For the first time, the EU Commission is proposing a targeted harmonization of national liability rules for AI, making it easier for victims of AI-related damage to get recourse and compensation. This is in-line with and will complement the directly effective AI Act proposal that currently being hammered-out by the EU regulatory machinery.
The scope covers, for example, breaches of privacy, or damages caused by safety issues. The new rules will, for instance, make it easier to obtain compensation if a job seeker has been discriminated in a recruitment process involving AI technology.
The Directive simplifies the legal process for victims of AI-related damage by introducing two important features. First, there is a ‘presumption of causality’ in circumstances where a relevant fault has been established and a causal link to the AI performance seems reasonably likely. Second, a right of access to evidence from companies and suppliers is stipulated where high-risk AI systems are involved.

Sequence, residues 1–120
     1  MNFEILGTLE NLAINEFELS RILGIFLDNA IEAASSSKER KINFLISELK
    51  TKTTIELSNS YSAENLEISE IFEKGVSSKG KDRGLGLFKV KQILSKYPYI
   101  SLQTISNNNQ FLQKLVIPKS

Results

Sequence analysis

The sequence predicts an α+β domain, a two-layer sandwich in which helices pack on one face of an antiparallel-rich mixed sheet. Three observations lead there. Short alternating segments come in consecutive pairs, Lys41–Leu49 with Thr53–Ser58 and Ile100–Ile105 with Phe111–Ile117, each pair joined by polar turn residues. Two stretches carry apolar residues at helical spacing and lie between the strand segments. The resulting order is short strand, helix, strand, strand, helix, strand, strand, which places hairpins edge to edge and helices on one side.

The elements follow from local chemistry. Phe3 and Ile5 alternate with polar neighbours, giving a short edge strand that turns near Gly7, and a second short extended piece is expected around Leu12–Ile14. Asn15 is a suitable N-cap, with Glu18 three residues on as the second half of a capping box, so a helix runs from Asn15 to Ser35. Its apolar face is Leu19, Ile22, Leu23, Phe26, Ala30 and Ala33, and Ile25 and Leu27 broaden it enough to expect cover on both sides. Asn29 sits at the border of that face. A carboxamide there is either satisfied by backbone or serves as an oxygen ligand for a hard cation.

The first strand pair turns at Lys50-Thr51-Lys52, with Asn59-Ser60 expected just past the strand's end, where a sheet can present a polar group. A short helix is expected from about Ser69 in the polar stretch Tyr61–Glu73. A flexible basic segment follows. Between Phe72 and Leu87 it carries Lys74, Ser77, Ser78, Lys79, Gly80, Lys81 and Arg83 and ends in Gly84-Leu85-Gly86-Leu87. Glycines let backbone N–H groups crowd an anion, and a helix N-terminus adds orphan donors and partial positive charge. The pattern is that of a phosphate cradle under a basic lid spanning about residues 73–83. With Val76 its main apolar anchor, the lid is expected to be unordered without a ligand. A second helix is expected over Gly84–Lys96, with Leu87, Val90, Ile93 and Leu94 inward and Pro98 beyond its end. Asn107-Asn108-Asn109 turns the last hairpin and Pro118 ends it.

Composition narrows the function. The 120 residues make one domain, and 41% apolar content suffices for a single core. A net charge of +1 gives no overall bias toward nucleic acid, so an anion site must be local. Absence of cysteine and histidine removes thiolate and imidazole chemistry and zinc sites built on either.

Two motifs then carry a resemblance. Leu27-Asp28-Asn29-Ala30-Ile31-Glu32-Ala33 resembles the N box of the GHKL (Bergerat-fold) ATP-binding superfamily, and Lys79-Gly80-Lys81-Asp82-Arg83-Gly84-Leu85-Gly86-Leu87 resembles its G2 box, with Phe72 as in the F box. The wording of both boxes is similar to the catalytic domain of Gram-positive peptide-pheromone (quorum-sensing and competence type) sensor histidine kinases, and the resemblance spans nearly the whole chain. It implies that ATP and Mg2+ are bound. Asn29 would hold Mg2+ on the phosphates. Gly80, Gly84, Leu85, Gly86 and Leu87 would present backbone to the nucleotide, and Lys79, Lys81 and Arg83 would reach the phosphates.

This means a broader protection of victims who will have more access to information and will be alleviated of the burden of proof in relation to damages caused by AI systems.
The aim is to strike a balance between protecting consumers and fostering innovation, removing additional barriers for victims to access compensation, while laying down guarantees for the AI sector by introducing the right to fight a liability claim based on a presumption of causality.
For providers of AI systems, this means an increased need to ensure that a responsible AI compliance muscle is in place.